Ré-former is the first solo exhibition of Japanese artist Yu Kawashima in Hong Kong, which showcases monochromatic paintings meticulously drawn with mineral pigments and ink, including a new series created by the artist for the exhibition.
Ikaros is one of the featured works of the exhibition, named after a character in Greek mythology, symbolizing the destruction of human beings due to arrogance and conceit. The artist believed that he was living in the era of Ikaros, and he commissioned this work to transform anxiety and discomfort into life energy. Living in the era of information explosion, people are immersed in pleasure and desire, full of pressure and struggle. Reminder is a series in which the artist hopes to remind himself and the audience of the inner reason of life. Other brand-new series include “Greed”, which visualizes the desire to gain understanding and recognition from an introverted society. Solutions that convey a strong will to deal with unfamiliar anxiety; erosion reveals unpredictable and harmful changes and phenomena in the information society, just like metal corrosion.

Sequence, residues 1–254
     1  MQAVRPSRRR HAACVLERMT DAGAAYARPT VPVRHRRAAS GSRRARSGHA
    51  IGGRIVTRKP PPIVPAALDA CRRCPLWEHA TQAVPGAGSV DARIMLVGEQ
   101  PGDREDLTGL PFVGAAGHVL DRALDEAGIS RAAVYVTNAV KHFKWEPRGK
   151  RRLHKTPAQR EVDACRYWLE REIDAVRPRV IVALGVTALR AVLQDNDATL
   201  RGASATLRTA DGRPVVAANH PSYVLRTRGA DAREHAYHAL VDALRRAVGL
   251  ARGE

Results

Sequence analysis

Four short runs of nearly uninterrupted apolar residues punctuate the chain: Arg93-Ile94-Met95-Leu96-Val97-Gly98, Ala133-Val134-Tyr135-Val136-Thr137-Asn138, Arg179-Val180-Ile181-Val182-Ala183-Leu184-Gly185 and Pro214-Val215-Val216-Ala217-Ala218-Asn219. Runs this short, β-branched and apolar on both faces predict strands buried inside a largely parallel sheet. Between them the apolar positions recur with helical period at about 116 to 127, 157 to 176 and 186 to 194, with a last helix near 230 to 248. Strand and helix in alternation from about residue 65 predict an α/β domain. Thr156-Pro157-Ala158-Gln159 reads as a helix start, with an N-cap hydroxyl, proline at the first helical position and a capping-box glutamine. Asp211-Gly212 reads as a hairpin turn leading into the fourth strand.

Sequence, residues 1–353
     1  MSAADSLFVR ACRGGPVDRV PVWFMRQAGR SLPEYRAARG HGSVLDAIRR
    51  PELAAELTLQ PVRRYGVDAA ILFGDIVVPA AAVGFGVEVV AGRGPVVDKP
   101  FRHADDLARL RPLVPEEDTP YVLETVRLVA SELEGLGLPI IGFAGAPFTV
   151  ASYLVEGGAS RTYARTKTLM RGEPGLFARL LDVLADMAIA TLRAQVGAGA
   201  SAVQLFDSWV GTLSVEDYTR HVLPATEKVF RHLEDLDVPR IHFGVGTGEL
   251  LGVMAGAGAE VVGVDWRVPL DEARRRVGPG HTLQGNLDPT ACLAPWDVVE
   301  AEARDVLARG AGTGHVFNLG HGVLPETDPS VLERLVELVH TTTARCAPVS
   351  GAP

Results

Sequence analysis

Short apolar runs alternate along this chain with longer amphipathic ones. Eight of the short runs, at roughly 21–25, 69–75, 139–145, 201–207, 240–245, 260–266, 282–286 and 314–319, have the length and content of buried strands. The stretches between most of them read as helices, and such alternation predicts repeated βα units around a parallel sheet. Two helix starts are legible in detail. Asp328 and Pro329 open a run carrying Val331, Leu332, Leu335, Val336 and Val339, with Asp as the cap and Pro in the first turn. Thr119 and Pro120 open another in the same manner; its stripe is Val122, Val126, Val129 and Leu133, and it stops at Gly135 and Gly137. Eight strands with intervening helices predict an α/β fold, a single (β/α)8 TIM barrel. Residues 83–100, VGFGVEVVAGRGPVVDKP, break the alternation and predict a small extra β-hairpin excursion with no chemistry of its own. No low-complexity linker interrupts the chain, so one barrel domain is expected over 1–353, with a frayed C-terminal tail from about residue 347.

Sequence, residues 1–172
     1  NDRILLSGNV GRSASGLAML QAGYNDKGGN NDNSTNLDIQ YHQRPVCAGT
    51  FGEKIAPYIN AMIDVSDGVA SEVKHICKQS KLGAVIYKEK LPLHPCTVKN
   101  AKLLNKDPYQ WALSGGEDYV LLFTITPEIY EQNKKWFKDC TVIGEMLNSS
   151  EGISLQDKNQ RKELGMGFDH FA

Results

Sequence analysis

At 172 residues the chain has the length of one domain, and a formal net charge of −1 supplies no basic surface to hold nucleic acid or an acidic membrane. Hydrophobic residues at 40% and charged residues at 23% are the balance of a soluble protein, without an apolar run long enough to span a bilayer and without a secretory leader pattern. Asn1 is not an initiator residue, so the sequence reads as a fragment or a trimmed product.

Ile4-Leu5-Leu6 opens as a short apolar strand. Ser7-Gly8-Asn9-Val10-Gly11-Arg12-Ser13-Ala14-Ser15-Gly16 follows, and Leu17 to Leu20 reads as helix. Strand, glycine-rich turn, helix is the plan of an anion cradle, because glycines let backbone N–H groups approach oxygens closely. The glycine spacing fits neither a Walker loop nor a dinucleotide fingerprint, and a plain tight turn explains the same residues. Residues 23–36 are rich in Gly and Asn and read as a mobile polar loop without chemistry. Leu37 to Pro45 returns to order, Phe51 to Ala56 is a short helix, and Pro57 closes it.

The artist applied mineral pigments and ink on traditional Japanese paper and washed the surface with water. This process was repeated to produce a unique aging texture, as if a concrete wall had deteriorated. For the artist, this fascinating process visualizes the passage of time, the traces of brushstrokes, and the process of his self-exploration. Every non-emotional, inorganic, and deep-level ritual character in Kawashima is composed of three models. By doing this, the characteristics of any particular model disappear, and the final presentation method becomes unfamiliar, but at the same time, the connection with the viewer becomes closer. He deliberately avoids the use of emotions in his art exhibitions, so that the audience has the opportunity to inject connotation and face and reflect their own emotions. However, when it comes to eyes, there is always something inside that the artist abnormally wants to reveal. By allowing his emotions to seep into their eyes, he can face his discomfort.
In an effort to use modern idioms to represent traditional Japanese painting in a sensitive but bold way, he also tried to provide a remedy, or at least provide comfort to the audience through his paintings.